The hand is complicated, especially in terms of muscular innervation, but we are still learning enormous amounts about how they have evolved into their current state. Comparative physiology is very useful for this and we are constantly exploring more about ourselves through animals and our genetic ancestors. If you have any requests for articles, or interesting additions to this one, please ask. Feel free to add anything that I have missed, or to ask any questions in the comments.

sources (besides Wikipedia):
1. http://www.oandplibrary.org/al/pdf/1955_02_022.pdf (Craig L. Taylor PHD & Robert J Schwartz, MD)
2. http://www.aofas.org/footcaremd/conditions/ailments-of-the-big-toe/Pages/Sesamoiditis.aspx
3. https://ispub.com/IJFS/1/2/9047#sthash.lchtoImt.dpbs

Wrist Anatomy

wrist nerves

Wrists take a lot of stress in American yoga. The wrist anatomy doesn’t exactly allow for stress all the time. Lots of down dog, plank, and chatarangas while collapsing into your shoulders and wrists from being overstressed and under stretched will do that. If you don’t do some at home wrist stretches with your vinyasa practice, you could be collapsing rather than lifting and strengthening your wrists. Counter-stretching is particularly important for the hands, since they are so sensitive and are used heavily in modern society (typing, handshakes, etc.). You know that rule the more you use something, the faster it wears out? Well, the wrists contain some of the most intricate neural-muscular connections because they allow for incredibly fast interaction between the fingers and the object(s). Arthritis often occurs first in the wrists and carpal tunnel is not uncommon.

That being said, yoga can be extraordinarily beneficial for your wrists if you are mindful and take breaks when you need to. Standing on your wrists and hands is generally very good for them, as it released the pressure in the small bones that you can see here:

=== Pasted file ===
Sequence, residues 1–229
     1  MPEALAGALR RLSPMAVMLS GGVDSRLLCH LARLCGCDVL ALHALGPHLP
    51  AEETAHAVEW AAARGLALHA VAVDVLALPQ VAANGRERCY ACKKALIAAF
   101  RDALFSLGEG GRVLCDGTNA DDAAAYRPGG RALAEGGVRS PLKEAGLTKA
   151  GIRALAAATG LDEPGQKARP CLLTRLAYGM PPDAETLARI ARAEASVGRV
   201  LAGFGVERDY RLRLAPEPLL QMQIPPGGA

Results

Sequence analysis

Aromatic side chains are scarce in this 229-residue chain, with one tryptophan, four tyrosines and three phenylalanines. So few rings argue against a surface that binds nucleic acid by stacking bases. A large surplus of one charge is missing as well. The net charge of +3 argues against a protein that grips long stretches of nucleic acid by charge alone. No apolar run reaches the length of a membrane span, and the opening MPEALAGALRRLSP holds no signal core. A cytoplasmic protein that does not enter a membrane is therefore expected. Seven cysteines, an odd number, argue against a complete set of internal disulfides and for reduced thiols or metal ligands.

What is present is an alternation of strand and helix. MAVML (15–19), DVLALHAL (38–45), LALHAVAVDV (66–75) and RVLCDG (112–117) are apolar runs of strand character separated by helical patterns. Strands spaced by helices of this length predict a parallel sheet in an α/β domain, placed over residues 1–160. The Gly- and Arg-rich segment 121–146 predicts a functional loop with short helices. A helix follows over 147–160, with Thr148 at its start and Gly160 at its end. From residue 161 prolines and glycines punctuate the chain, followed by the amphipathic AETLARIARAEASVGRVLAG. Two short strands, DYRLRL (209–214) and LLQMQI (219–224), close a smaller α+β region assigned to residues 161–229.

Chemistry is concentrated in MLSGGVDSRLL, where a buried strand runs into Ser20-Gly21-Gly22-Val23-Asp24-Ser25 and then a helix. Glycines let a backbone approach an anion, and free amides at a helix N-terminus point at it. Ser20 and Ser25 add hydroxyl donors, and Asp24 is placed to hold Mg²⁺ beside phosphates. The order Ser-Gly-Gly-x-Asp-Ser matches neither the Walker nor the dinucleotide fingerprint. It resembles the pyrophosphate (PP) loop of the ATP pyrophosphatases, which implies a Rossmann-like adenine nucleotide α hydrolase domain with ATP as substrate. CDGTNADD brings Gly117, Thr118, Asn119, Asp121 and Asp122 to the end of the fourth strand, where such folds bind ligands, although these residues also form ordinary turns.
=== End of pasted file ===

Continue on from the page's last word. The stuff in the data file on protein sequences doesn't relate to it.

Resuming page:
wrist xray
wrist xray

There are 7 bones in the middle of the wrist, connected by the ulna and radius on one side and the metacarpals and fingers on the other. Two major nerves flow from the thoracic (middle) spine into the hands, the radial and ulnar nerves. The radial nerve flows into each finger except the pinky and is the main source of nervous energy for the thumb and gripping. The ulnar nerve flows mostly into the pinky and ring finger, but also slightly into the middle finger.  Check it out:


The ligament arrangement of the wrist might be the most complex part of the joint, creating extraordinary flexibility and mobility at the same time as strength, and durability. It is mostly a web of connections that need to be stretched every so often, or they will start to harden and erode with overuse. Too much typing without stretching will leave the ligaments tense and the muscles shorter.


Pressing into the L of the radial nerve to lift can help to ensure that you are creating strength and space between the ligaments, rather than compressing them and eroding them. Its pretty easy to overuse the wrists, so find some ways to decompress and stretch them; standing on the hands, pressing the tops of the wrists into the floor while flexing the wrist, or even pulling the fingers back towards the arm then curling them into a fist always with the thumb untucked.

Happy wrists mean a happy yoga practice. Keep stretching those wrists in the few minutes before class, bring mindfulness to lifting through the forearms in down dog and plank. Take breaks as often as you need while ensuring that you are building strength. Don’t forget to spread through the fingers when you can 🙂